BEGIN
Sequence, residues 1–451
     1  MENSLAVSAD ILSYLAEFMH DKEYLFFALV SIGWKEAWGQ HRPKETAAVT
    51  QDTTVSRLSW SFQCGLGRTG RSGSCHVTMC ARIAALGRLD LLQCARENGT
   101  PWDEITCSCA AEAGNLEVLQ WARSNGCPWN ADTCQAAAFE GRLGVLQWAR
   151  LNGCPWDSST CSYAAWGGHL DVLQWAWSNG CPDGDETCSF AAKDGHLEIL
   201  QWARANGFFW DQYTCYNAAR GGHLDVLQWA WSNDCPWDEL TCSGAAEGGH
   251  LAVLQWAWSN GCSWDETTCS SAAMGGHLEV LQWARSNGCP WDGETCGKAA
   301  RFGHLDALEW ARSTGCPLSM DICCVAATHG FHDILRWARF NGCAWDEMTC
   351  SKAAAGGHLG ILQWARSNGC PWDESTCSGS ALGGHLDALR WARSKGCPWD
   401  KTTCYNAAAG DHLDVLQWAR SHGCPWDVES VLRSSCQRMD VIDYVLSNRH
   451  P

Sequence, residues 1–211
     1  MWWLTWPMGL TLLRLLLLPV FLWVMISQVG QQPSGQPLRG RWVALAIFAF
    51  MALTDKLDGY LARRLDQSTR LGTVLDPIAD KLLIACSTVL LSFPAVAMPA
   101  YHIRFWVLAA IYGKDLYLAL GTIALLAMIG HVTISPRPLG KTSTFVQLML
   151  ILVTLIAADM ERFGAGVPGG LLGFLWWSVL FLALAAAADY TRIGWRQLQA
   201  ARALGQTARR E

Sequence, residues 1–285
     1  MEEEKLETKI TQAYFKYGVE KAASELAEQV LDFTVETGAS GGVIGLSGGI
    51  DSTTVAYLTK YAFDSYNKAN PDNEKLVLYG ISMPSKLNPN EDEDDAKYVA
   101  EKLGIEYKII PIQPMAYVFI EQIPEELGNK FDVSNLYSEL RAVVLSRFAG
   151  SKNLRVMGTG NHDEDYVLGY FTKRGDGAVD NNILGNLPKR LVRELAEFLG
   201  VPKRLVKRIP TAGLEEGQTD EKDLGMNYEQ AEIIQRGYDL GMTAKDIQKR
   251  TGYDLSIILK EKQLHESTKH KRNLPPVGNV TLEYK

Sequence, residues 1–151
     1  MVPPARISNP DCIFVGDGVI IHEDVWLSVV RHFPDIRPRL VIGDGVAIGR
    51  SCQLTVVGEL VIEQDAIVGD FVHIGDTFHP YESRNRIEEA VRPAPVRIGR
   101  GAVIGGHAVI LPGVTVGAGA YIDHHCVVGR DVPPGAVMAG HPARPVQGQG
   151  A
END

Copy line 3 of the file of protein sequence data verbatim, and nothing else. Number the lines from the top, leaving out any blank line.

    51  QDTTVSRLSW SFQCGLGRTG RSGSCHVTMC ARIAALGRLD LLQCARENGT